Dear Bruce: I know of a friend who is receiving $1,200 from Social Security.
Her daughter died last year and my friend just received notice from Social Security that her check was decreased to about $800 because she inherited a lot from her daughter.
She went to our Social Security office and was told that it was correct. How can this be? How can our Social Security be taken from us like that?
I'm concerned not only for her, but because the same thing will probably happen to me when my mother dies. I stand to inherit $500,000 to $750,000.
I waited until I was 66 to start drawing Social Security so I could get the highest rate (instead of drawing on it when I was younger). It would not be fair to reduce the amount of my Social Security check just because I inherited some money. I worked hard for that money all my life!
- M.T., email
Dear M.T.: As I read between the lines, the government is suggesting that because your friend's income is essentially increased, the money being distributed on Social Security will be reduced. While $400 a month seems to be a rather substantial decrease, you didn't indicate how much inheritance was involved.
The $500,000 to $750,000 you talk about in your next paragraph is a substantial amount of money. The fact that you waited until you were 66 years old to start withdrawing to get the highest rate might have been a good plan, but then you say you stand to inherit up to $750,000.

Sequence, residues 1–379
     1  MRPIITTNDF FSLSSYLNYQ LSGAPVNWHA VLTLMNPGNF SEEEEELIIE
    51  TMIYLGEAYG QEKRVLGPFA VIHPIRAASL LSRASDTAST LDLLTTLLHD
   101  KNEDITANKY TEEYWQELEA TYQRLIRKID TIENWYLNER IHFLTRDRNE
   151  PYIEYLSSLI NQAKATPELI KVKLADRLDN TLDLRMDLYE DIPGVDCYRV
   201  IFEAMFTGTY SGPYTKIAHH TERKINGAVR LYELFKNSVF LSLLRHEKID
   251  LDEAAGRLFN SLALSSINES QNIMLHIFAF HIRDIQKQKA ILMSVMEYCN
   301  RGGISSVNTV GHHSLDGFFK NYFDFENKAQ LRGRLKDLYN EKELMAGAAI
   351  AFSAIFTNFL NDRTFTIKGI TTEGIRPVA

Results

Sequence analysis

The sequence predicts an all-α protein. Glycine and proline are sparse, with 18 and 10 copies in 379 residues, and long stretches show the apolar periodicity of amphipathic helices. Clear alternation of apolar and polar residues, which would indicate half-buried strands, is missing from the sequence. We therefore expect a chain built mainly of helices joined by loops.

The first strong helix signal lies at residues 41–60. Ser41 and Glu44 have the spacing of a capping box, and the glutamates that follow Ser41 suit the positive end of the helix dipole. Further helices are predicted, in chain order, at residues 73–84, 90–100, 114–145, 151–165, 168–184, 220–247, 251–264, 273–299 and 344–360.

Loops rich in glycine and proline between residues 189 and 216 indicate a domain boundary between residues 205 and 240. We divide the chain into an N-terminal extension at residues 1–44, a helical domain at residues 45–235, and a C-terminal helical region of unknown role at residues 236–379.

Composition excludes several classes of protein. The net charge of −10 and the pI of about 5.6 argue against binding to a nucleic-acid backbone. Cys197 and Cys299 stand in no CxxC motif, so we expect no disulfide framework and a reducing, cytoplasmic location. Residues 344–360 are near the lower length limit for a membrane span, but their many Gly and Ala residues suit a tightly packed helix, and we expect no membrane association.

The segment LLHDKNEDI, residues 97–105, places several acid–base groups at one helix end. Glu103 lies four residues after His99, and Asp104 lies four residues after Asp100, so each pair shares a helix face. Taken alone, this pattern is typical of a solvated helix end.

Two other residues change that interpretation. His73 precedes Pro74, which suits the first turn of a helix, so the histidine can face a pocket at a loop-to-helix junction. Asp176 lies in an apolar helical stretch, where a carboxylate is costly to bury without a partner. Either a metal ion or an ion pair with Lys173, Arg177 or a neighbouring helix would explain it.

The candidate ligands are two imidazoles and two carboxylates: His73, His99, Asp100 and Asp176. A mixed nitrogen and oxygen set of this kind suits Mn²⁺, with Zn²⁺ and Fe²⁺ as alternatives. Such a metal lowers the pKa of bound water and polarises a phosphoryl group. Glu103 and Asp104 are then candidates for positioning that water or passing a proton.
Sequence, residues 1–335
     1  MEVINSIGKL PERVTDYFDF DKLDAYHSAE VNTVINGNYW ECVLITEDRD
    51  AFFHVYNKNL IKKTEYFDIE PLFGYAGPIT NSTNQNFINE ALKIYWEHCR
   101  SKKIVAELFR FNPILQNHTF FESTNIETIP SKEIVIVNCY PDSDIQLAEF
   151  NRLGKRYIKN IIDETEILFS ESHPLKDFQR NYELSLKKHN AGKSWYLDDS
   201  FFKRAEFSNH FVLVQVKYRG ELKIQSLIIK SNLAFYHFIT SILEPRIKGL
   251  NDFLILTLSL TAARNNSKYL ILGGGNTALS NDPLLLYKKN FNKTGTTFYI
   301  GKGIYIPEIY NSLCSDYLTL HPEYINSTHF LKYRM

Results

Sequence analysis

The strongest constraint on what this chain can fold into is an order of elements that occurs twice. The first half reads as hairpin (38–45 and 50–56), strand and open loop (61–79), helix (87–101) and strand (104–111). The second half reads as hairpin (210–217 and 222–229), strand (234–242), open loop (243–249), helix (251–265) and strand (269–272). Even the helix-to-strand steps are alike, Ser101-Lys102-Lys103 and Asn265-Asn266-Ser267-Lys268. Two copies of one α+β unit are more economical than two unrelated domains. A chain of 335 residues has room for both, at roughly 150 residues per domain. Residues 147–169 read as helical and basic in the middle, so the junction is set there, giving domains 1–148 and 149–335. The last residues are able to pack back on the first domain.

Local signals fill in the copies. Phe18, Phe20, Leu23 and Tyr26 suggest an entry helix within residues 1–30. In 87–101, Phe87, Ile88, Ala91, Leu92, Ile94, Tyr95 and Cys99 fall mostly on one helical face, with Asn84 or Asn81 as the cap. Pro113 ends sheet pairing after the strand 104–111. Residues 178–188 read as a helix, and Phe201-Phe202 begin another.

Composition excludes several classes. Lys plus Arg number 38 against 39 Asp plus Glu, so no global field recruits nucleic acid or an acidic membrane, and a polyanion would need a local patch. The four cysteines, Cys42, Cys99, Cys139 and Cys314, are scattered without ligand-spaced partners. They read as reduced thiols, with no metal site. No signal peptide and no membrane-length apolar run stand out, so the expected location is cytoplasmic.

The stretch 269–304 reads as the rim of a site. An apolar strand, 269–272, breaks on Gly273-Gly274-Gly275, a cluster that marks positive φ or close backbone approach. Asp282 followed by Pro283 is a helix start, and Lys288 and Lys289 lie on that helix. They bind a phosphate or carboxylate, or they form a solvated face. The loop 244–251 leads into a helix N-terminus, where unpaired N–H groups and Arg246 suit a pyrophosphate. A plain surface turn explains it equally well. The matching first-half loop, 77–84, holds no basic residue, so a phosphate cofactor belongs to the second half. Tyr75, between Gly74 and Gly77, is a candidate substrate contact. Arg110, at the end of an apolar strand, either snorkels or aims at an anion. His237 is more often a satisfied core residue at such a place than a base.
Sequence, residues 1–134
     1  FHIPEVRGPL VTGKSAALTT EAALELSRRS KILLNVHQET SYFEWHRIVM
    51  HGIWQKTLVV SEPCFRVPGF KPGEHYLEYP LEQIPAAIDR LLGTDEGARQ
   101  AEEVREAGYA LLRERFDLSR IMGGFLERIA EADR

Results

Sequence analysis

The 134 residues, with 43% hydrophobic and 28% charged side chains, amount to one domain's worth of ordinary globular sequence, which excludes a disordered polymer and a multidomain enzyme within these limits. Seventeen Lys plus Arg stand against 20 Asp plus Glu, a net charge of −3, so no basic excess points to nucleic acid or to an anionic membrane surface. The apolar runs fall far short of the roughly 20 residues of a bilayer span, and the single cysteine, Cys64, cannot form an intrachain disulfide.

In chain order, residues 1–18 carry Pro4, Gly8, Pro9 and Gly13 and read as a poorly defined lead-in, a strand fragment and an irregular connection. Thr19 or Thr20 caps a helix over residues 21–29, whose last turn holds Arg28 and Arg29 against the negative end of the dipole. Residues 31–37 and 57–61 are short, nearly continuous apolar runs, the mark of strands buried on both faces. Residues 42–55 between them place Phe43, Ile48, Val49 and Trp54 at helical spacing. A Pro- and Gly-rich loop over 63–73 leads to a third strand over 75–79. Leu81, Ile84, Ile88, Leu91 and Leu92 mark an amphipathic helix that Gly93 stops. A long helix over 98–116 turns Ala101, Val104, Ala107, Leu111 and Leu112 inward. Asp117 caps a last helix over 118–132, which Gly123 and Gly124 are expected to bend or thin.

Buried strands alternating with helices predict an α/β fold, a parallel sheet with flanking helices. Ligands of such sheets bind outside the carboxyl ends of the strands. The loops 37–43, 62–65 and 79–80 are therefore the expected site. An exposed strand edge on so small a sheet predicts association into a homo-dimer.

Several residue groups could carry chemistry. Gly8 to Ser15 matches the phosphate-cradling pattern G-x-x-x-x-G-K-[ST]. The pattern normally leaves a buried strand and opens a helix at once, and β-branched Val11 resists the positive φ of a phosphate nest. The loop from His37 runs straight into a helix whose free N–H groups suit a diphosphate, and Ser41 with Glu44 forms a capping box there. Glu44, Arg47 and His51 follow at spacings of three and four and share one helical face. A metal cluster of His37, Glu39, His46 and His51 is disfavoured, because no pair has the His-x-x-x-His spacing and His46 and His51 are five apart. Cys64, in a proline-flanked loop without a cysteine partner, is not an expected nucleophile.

The logic here is clear: You don't need as much money, in the government's opinion, if you inherit a large amount, so your check is going to be reduced. The fact that you worked hard for the money is all very well, but those rules were available to you before you made the decision to wait. I assume you knew you would be inheriting upon your mother's death.
While the reduction in Social Security may be a bit of a burden, I am certain most people would be happy to share your situation.
Dear Bruce: We have been married for eight years. We are both in our late 70s. We do not own anything together. We keep our finances separate. Do you think it's wise for a married couple to handle their finances like this?
- Reader, email
Dear Reader: If you were a young married couple in your early 20s, I would say absolutely not. I assume you were married at least once before. You may have children you want your assets to go to. For someone your age, I have no problem with you keeping your finances separated.
If you are trying to be certain that the assets you acquired during your first marriage go to your children, you should exercise a post-nuptial agreement. Without it, at least a third of your assets would have to be left to your spouse. That may be perfectly acceptable to you, but if not, the post-nuptial could obviate that.
Send your questions to Smart Money, P.O. Box 2095, Elfers, FL 34680 or email bruce@brucewilliams .com.